World War I: A time of upheaval

Updated 10:23 AM ET, Fri May 22, 2015
00 WWI Main Timeline 0606 RESTRICTED00 WWI Main Timeline 0606 RESTRICTED
1 of 25
French soldiers sing the national anthem at the beginning of World War I in August 1914. This "war to end all wars" might seem like ancient history, but it changed the world forever. It transformed the way war was fought, upended cultures and home life and stimulated innovations that affect us today. With more than 30 combatant nations and nearly 70 million men mobilized, World War I profoundly destabilized the international order. Look back at some of the war's key events. Corbis
The bodies of Austria-Hungary Archduke Franz Ferdinand and his wife, Sophie, Duchess of Hohenberg, are seen after their assassination by Serbian nationalist Gavrilo Princip on June 28, 1914. The assassination led Austria-Hungary to declare war on Serbia, starting a chain of events that would gradually bring other nations into the fray. Hulton-Deutsch Collection/Corbis
Germans in Berlin mobilize for war on August 1, 1914. Germany was a strong ally of Austria-Hungary. DPA/picture-alliance/AP
French soldiers are seen at a front-line trench in Italy. During World War I, the Allied Powers consisted of Belgium, France, Great Britain, Greece, Italy, Montenegro, Portugal, Romania, Russia, Serbia and the United States. The Central Powers consisted of Austria-Hungary, Bulgaria, Germany, and Ottoman Empire (now Turkey). Roger Viollet/Getty Images
German soldiers captured by the British are seen in France. Underwood & Underwood/Corbis
Men visit the graves of French soldiers killed in the Battle of the Marne in September 1914. Roger Viollet/Getty Images
Troops land at Anzac Cove in the Dardanelles during the battle between Allied forces and Turkish forces at the Gallipoli Peninsula in February 1915. The two sides were fighting for access to the strategic Sea of Marmara and eventually to Constantinople (Istanbul). Corbis
German and British troops are seen together during the Christmas Truce of 1914. Popperfoto/Getty Images
These French Zouave infantrymen were killed by gas during the Second Battle of Ypres, Belgium, in April 1915. The Print Collector/Getty Images
Germans give oxygen to a gas victim in 1915. The cloth masks worn by these soldiers provided little defense; more substantial gas masks were not produced until 1916. By the end of the war, even horses and dogs used at the front had their own gas masks. DPA/AP
German U-boats, or submarines, patrol the Mediterranean coast. Getty Image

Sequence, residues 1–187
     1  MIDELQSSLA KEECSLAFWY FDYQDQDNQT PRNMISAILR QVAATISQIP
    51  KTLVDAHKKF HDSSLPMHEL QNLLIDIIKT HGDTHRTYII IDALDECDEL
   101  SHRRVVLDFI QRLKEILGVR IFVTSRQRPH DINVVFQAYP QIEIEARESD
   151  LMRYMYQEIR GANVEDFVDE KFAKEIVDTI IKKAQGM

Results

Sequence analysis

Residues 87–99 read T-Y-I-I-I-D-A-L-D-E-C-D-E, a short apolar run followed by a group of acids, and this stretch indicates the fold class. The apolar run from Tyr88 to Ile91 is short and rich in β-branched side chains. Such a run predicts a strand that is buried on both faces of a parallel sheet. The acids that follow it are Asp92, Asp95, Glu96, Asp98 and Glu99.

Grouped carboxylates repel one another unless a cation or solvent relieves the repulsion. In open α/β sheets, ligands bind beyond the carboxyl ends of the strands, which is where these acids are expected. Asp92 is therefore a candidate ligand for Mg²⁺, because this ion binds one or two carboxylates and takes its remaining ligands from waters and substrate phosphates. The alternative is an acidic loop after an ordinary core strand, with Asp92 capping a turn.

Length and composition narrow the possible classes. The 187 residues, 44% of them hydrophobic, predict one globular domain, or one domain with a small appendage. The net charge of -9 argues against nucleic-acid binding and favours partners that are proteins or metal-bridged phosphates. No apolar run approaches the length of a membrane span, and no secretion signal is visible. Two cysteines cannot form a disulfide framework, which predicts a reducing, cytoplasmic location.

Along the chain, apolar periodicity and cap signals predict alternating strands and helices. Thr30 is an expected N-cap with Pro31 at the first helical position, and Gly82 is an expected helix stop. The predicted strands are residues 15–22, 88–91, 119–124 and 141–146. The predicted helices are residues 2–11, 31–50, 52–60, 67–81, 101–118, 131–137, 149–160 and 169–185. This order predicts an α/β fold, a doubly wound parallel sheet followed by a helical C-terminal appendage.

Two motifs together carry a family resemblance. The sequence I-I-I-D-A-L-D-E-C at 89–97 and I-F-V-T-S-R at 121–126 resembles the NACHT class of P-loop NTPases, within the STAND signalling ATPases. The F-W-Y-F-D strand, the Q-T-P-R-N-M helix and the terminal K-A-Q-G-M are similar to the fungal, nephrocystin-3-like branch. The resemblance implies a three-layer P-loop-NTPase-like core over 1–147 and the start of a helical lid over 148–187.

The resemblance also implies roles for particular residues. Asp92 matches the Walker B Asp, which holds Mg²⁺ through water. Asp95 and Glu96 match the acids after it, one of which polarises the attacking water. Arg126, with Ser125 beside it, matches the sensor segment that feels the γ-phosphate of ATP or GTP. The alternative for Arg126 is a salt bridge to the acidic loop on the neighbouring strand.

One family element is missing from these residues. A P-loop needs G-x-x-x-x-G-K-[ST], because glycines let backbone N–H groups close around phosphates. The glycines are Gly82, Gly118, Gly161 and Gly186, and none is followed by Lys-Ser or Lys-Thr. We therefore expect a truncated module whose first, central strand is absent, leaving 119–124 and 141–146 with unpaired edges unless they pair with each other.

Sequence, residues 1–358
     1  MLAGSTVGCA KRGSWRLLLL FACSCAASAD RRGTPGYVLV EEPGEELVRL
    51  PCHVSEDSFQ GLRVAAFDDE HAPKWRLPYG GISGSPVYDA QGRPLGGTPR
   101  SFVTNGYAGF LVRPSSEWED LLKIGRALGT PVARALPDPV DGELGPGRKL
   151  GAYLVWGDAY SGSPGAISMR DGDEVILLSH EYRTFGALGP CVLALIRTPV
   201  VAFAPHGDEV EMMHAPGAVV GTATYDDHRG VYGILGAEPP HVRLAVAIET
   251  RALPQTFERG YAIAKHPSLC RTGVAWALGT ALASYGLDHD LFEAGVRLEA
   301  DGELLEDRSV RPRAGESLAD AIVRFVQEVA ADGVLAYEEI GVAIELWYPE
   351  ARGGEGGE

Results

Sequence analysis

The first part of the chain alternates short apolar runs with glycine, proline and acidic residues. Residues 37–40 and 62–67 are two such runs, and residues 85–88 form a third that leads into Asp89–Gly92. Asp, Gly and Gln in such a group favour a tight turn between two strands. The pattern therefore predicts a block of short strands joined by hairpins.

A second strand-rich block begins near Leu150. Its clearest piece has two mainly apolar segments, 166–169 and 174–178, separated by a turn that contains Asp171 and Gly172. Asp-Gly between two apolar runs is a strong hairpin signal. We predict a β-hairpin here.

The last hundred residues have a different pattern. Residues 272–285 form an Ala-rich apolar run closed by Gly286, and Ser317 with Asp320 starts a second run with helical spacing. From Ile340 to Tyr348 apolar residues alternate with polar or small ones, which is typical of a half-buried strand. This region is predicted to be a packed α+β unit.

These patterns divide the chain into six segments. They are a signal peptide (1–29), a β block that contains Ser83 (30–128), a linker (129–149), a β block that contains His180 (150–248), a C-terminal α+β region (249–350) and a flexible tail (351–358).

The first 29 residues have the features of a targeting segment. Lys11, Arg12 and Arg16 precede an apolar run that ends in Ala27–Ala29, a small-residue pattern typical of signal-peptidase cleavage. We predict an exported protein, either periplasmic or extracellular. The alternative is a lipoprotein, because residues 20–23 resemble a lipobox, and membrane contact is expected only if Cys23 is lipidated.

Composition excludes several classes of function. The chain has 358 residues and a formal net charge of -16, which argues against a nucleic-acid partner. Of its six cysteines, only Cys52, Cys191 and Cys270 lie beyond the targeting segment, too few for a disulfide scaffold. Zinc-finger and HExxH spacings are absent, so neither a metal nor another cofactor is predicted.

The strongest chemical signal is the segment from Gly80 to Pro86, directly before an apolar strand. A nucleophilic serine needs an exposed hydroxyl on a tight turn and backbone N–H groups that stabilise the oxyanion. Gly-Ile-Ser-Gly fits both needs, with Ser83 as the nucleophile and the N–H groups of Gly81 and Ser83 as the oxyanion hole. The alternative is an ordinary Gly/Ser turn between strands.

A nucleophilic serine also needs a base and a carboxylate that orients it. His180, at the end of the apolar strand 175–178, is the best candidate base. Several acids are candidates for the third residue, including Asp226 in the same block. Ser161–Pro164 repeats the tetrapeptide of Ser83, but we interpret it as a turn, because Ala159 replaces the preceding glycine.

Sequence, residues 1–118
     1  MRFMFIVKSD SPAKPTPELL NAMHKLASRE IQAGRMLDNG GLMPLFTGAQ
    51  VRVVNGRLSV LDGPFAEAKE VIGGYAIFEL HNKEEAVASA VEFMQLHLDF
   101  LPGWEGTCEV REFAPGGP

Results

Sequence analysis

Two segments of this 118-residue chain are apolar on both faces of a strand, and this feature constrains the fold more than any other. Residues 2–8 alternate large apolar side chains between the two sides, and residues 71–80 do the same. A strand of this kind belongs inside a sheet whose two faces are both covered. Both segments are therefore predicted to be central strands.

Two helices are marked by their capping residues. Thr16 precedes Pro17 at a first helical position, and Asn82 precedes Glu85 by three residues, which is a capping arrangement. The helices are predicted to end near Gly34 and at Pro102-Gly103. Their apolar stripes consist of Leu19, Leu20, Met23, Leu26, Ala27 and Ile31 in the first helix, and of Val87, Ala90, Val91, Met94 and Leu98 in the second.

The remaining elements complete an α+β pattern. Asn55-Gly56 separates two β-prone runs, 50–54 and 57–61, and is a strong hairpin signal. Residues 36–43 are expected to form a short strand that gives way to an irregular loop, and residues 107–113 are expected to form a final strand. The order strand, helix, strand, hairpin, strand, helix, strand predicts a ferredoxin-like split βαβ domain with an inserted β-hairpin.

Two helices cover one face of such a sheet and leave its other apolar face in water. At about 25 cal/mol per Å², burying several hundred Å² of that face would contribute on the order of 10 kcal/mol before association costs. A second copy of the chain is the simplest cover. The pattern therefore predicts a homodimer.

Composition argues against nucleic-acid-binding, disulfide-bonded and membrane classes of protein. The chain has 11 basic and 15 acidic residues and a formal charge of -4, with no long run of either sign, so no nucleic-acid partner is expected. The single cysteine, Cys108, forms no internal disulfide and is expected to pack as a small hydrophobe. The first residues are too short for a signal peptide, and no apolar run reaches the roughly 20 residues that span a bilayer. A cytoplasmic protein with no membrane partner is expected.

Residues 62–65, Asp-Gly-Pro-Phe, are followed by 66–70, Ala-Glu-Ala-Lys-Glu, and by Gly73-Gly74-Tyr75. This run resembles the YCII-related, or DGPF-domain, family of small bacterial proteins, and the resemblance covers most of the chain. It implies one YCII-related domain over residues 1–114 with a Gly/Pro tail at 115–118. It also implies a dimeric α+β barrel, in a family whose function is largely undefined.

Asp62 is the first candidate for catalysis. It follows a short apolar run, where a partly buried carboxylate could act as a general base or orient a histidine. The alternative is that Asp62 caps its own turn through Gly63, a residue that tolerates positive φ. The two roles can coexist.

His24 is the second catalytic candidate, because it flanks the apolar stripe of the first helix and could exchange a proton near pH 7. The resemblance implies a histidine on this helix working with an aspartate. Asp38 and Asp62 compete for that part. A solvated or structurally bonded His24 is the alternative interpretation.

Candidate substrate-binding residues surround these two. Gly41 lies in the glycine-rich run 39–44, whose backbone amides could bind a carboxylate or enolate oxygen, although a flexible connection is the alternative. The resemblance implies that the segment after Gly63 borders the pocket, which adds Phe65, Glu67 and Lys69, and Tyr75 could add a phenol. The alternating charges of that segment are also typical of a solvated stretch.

French troops rest in Verdun, France, in 1916. Verdun was the site of the longest battle of World War I. Print Collector/Getty Images
Dead bodies lie piled in a trench at Verdun on April 9, 1916. Print Collector/Getty Images
British troops advance during the Battle of the Somme in 1916. PA/AP
A British tank is stranded while crossing a trench during the Battle of the Somme on September 25, 1918. Lt. E Brooks/IWM/Getty Images
German soldiers stand near a crashed fighter plane in Germany in 1916. DPA/AP
Czar Nicholas II of Russia, right, reviews the palace guard just prior to the Russian Revolution of 1917. AP
U.S. President Woodrow Wilson addresses a joint session of Congress in April 1917, requesting a declaration of war on Germany. The United States declared war against Germany after the interception and publication of the Zimmermann Telegram and the sinking of three U.S. merchant ships by German U-boats. AP
Britons stand in line outside an Army recruiting station. Hulton-Deutsch Collection/Corbis
A British sergeant major instructs American soldiers in bayonet fighting at Texas' Camp Dick. Corbis
U.S. Army troops stand in a defensive trench in France. By war's end, thousands of miles of trenches crisscrossed European battlefields. AP
A defeated German army marches home on October 1, 1918. Three Lions/Getty Images
Armistice Day is celebrated in Chicago on November 1, 1918. Chicago History Museum/Getty Images
U.S. troops returning home from France are seen on the USS Agamemnon in Hoboken, New Jersey, in 1919. Getty Images
German delegates listen to French Prime Minister Georges Clemenceau's speech during the signing of the Treaty of Versailles in France on June 28, 1919. Hulton Archive/Getty Images